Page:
Peace-weaving princesses

Image taken from “The Past and Present of the Parish Church of Folkestone” by Mathew Woodward, published by the British Library 2010

A self-declared feminist looks at St. Eanswyth of Folkestone, and other female saints of Kent.

In the early Anglo-Saxon era, kings tended to found nunneries for their daughters, or royal widows. A peculiarity of these, not seen in the later Middle Ages, were that they were “double houses”, that is for both males and females dedicated to life in a religious order. 

Dormitory arrangements were, of course, separate, but both worshipped together in the church, where either male or females could read aloud from the scriptures, a sign of literacy at least amongst these royal women. Almost invariably, these double houses were governed by an abbess, usually of royal kin.

Kent had an extraordinary number of these foundations:

  1. Lyminge, founded by King Eadbald for his sister Aethelburga, widow of king of Northumbria)
  2. Folkestone, founded by King Eadbald for his daughter, Eanswyth, , grand-daughter of King Aethelbert, the first Christian King of Kent
  3. Sheppey, founded for Queen Seaxburga
  4. Minster in Thanet, founded in penitence for murder of princes Athelred and Aethelbert
  5. Hoo – founded by King Caedwalla

None of these are mentioned in the Anglo-Saxon Chronicle, nor by Bede (who was writing in the north of England anyway). Their story is to be found in the Mildreth Legend, which details at least 7 female saints, all of them of royal kin. Historical corroboration comes from extant charters of some of the foundations, and also from the correspondence of some of the learned abbesses with Bonniface, the English priest who became a key missionary in Germany.

None of these “double houses” survived into the late Anglo-Saxon period. It has been speculated that they were destroyed by Viking raids on the Kent coast, but the history of  Frankish raids shows that such religious houses could recover a few years after such a raid. More likely, they succumbed  to the land-grabs of Wessex royalty when they became kings of England and thus took over royal lands in Kent. In any case,  double houses went out of fashion with the Carolingian reforms, and especially when the powerful Bishop Aethenolde, who in 973 translated the rule of Benedict into English, reformed the clergy and regularised their communal living.

However, it is interesting to take a feminist look at what can be discovered about the position of women in these early Anglo-Saxon foundations. This was a society in which even high-born women were subservient to their male relatives

“it is fitting for a woman to be busy with her embroidery”.


There were two types of chaste woman to be found in such houses: first those who had been dedicated as virgins, sometimes even as infants, and second those who “chose” the vow of celibacy after the death of their husbands, or separation from them.  This last was probably the willing choice of high-born women who could be coerced into unwelcome dynastic marriages, but it could also have been a convenient way of  cloistering away an unwanted mistress  or retiring a queen when a replacement was desired (see second wife of King Edgar of Wessex). A queen who retired to become an abbess would retain a position of power, especially if she was well-supported by her male relatives, some of whom would have been clergy in the linked house.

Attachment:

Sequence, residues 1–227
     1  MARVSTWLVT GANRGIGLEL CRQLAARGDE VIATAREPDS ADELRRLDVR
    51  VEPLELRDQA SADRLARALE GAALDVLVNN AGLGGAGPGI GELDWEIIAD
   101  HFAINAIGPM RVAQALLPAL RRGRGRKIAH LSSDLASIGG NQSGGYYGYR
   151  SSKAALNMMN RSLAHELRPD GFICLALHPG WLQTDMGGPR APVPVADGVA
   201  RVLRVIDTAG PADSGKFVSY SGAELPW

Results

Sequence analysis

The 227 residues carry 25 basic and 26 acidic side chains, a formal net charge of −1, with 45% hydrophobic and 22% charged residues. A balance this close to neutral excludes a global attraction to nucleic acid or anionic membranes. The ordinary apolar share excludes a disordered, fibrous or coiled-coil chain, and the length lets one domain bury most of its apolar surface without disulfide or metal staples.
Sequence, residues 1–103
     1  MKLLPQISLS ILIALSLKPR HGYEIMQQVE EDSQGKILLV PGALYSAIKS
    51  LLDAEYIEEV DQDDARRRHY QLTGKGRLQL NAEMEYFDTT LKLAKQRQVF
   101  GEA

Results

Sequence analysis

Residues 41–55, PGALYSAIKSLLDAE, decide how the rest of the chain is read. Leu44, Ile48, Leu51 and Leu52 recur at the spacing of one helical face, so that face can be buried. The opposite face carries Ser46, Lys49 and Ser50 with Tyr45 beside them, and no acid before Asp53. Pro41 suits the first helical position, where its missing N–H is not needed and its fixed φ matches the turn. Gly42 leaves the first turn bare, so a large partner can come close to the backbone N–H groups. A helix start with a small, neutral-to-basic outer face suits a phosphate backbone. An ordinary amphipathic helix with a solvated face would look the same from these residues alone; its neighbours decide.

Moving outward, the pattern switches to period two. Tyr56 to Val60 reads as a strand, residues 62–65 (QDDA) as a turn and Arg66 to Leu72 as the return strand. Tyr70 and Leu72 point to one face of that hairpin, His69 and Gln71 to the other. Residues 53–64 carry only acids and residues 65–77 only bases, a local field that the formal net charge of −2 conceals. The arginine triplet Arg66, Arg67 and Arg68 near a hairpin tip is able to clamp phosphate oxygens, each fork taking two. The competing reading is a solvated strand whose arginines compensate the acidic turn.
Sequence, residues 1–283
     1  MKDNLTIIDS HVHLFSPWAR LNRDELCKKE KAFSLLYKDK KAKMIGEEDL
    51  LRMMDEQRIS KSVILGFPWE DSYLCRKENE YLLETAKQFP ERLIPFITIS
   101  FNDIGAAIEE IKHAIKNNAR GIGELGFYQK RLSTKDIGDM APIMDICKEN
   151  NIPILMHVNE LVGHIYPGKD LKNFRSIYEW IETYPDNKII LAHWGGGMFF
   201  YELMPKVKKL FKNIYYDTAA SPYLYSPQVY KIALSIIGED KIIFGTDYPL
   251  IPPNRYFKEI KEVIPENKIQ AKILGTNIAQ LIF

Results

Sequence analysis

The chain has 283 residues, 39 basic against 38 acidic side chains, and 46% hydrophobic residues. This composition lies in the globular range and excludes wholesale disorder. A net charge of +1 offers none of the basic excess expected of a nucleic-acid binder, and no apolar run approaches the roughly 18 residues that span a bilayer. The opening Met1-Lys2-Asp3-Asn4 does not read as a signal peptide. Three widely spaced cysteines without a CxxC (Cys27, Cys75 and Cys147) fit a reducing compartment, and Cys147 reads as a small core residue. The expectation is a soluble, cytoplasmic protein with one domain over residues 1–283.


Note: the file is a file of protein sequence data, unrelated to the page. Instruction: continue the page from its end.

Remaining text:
The dynastic hold on these foundations is evident in the history of the land-holdings. The lady of property took her estate with her when she took the vows to a religious life, but it was hers for life, and reverted back to her kin on her death  (hence the ease with which the kings of Wessex took over the estates of these double houses in Kent).

Actually, there were two sorts of religious life for such retired high-born Anglo-Saxon women: there were those who went fully into a religious house (usually becoming abbess) and those who were called “vowess”, who took vows of celibacy (as a sign they did not wish to be married off again by their male kin) but who were allowed to continue to live on their estates. It was only later, after Bishop Aethelwolde’s reforms and into the Norman period, that the estates of such women could be gifted permanently to the religious foundation as an institution, thus resulting in the growing wealth of the Church throughout the Middle Ages until the land-grabs organised by Thomas Cromwell for King Henry VIII.

A cynical look at the (scant) history of these Anglo-Saxon sainted ladies would conclude that their choices to escape male domination were constrained. To be born into a royal family was to be in peril of assassination, almost anywhere in the world in earlier eras. The worldwide list of famous poisonings is long, including Persian, Roman, Chinese, and African. chiefly families such as Shaka, all kin killing each other to gain the throne.

Women of such families were in danger because the children they might bear can create a rival dynasty. Yet, royal princesses were also an asset as they could be used to create alliances, a system of linked royal families that prevailed in Europe right up to and including Queen Victoria.

In Anglo-Saxon times, such princesses were seen as “peace-weavers” in a time of very rough warfare between rival families. Some of the foundations, such as Minster-in-Thanet, also had the purpose of praying for the soul of the royal founder, alleviating guilt from atrocities (murder of princes) committed in the quest for supremacy. Thus, the sisters praying in such houses were also “peace-weaving” between earthly power and the ultimate judgement of God.

Further Reading